A nostalgic recollection about Chile | Sunday Observer

A nostalgic recollection about Chile

18 October, 2020
Isabel Allende
Isabel Allende

Title - My Invented Country

Author – Isabel Allende

Publisher – HarperCollins Publishers India

PP – 198

My Invented Country is the second memoir by Isabel Allende, a Chilean writer who lives in America (Her first memoir is Paula -1993). Isabel Allende who is considered “the world’s most widely read Spanish-language author”, lived in her own country, Chile, until 1973 when President Salvador Allende, a cousin of Isabel Allende was overthrown (and murdered) by a military coup led by General Augusto Pinochet, a dictator with the help of the CIA. Thereafter, she with her two children, fled to Venezuela in fear of their lives.

Isabel stayed in Venezuela for 13 years, during which she wrote her debut novel The House of the Spirits (1982). In 1988, when she was on a book tour to California, she met her future husband, William C. Gordon, a Californian attorney and a novelist. With their marriage, Isabel and her two children received citizenship in America.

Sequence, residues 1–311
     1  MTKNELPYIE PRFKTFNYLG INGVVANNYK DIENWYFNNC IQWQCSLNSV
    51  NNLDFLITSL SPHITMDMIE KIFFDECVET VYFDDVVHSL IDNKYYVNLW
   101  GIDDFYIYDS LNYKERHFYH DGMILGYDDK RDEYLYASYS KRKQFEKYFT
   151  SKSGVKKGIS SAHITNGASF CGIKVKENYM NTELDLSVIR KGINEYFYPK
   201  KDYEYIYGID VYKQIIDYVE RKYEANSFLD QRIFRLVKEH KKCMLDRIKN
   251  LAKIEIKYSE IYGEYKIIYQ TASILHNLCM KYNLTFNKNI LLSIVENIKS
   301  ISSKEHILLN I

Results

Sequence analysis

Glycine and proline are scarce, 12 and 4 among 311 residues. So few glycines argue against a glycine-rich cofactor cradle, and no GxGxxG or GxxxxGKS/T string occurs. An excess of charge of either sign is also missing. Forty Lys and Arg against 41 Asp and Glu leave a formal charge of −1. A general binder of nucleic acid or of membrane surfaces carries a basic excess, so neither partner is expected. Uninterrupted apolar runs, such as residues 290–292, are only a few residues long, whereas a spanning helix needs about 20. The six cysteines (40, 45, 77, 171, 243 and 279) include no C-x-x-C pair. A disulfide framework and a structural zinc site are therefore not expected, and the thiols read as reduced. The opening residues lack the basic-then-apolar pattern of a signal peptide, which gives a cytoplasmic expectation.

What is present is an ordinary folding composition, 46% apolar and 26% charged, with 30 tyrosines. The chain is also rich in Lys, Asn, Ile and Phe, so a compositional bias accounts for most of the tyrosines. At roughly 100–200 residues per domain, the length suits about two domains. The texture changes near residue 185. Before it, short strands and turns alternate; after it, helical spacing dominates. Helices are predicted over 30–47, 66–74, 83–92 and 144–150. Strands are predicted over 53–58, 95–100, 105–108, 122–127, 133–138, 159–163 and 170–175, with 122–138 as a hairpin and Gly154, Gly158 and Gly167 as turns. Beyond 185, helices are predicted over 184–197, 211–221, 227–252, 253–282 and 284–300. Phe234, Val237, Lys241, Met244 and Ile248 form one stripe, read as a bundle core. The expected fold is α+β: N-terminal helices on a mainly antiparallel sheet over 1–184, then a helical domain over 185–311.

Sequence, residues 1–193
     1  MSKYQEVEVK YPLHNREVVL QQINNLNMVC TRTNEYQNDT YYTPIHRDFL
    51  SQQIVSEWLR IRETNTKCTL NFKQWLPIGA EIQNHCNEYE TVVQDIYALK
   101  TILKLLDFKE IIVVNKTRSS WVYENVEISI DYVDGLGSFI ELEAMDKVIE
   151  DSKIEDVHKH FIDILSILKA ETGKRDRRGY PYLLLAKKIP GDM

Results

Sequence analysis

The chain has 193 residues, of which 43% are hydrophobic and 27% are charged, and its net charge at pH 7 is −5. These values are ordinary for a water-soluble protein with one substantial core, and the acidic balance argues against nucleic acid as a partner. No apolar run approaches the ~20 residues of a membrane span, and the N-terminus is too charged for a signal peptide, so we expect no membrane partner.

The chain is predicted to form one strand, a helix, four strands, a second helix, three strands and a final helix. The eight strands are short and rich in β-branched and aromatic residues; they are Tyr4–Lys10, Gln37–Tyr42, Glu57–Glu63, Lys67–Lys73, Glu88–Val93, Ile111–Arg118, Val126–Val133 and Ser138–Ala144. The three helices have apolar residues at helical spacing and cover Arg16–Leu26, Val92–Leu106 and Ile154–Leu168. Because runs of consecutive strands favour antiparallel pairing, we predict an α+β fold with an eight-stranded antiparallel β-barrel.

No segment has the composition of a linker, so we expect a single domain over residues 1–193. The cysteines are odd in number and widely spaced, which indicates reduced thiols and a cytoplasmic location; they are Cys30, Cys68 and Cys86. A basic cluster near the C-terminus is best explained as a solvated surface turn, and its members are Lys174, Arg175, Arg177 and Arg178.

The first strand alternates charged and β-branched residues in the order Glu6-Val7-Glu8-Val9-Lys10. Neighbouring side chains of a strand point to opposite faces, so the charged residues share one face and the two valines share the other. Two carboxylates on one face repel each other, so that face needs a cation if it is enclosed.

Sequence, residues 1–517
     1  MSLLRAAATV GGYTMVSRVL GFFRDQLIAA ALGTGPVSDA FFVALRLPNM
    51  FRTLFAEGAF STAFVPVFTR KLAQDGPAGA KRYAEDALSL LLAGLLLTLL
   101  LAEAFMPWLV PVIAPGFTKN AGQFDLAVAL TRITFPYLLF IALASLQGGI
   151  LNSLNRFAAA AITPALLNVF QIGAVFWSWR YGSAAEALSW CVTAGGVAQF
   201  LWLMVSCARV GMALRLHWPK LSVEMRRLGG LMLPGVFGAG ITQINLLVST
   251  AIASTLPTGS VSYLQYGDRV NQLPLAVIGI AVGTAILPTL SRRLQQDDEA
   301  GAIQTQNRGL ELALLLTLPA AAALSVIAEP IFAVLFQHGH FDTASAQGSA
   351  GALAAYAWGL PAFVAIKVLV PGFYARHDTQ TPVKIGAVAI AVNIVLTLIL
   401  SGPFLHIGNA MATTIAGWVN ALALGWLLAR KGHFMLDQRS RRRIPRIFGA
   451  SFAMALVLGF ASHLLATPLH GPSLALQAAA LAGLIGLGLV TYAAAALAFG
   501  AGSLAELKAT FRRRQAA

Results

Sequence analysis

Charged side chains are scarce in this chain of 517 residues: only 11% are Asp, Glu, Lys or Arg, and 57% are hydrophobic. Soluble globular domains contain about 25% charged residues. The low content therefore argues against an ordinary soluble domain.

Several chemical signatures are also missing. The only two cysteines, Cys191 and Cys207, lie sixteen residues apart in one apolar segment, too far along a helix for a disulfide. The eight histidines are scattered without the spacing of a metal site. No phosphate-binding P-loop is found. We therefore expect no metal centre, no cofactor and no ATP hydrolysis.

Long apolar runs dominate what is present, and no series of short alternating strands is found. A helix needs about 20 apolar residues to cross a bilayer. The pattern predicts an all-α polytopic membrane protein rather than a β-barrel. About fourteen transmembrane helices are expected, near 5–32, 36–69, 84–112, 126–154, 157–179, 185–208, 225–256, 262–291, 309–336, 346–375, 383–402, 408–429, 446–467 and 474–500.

Hence, My Invented Country is a nostalgic recollection about Chile and its people by Isabel Allende who had been living outside of her country for over 40 years when the book was released. But the title of the book, My Invented Country also hints at an imaginary country.

However, when you read the book, you realise that it is not about an invented country but about the real country that her invented country was based on.

By means of all the facts about her country and people, she created her own country in herself, which is why she chose this title, My Invented Country.


“This book has helped me understand that I am not obligated to make a decision: I can have one foot in Chile and another here, that’s why we have plains, and I am not among those who are afraid to fly because of terrorism. I have a fatalistic attitude: no one dies one minute before or one minute after the prescribe time.

“For the moment California is my home and Chile is the land of my nostalgia. My heart isn’t divided, it has merely grown larger. I can live and write anywhere. Every book contributes to the completion of that “country inside my head,” as my grandchildren call it. In the slow practice of writing, I have fought with demons and obsessions, I have explored the corners of my memory, I have dredged up stories and people from oblivion. I have stolen other’s lives, and from all this raw material I have constructed a land that I call my country. That is where I come from.” (Page 197)

The first chapter of the book, Country of Longitudinal Essences presents fascinating facts about Chile. Its first paragraph starts with, “Let’s begin at the beginning, with Chile, that remote land that few people can locate on the map because it’s as far as you can go without falling off the planet.” Isabel Allende presents a visual evocative description of her country in these starting pages. Then she tries to give new insights to the thoughts about the country: